This is part of Work Package 1 of NESSC (Netherlands Earth System Science Centre)
Ice core records give us highly detailed information of the earth for the last 800 thousand years, such as Antarctic air temperatures and composition of the atmosphere. But to speculate about the climate beyond that time, millions of years into the past, NESSC primarily relies on fossilized remains of organisms preserved deep in the earth. These remains are called proxies.
Well-developed proxies can tell us a lot about environmental circumstances in the distant past. For example, with the the ratio of magnesium and calcium in carbonized shells of fossilized planktonic foraminifera, we can predict the sea surface temperature with an accuracy of 1.5 degrees Celsius. But accuracy can be compromised by external factors like salinity or magnesium-calcium ratios in the sea, and for several important climate variables no proxies exist.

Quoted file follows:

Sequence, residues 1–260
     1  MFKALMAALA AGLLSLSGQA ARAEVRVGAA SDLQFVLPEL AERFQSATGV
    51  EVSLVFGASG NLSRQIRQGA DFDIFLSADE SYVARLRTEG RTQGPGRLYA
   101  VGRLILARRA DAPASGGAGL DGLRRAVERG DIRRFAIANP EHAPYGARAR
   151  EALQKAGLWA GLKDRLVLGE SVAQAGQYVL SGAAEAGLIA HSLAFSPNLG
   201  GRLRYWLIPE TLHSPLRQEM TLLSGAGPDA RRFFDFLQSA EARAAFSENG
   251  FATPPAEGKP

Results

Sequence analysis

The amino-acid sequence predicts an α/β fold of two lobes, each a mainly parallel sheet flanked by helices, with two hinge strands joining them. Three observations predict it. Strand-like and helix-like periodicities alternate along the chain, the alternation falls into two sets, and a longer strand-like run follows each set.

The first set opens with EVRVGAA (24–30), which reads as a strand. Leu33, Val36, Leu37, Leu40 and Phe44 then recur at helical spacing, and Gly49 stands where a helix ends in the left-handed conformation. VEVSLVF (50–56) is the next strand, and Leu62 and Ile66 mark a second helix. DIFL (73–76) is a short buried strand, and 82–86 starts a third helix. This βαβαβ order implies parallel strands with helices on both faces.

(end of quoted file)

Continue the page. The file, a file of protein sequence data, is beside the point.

Currently the accuracy for seawater temperatures of the past million years is 2-3 degrees Celsius, and 3-5 degrees Celsius for the past hundred million years. Our ambition is to ultimately reconstruct seawater temperatures with an accuracy of less than 1 degree Celsius for the past million years, and less than 2 degrees Celsius for the past 100 million years. There is a continuous need for improving proxies and constraining uncertainties.